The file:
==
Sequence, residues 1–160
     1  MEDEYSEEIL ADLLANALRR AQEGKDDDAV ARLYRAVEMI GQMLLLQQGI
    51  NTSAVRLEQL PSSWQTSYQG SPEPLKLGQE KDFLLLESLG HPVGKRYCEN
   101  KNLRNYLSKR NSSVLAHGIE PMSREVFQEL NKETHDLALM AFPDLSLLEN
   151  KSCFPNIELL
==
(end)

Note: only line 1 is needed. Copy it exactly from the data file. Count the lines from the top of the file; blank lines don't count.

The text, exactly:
Sequence, residues 1–160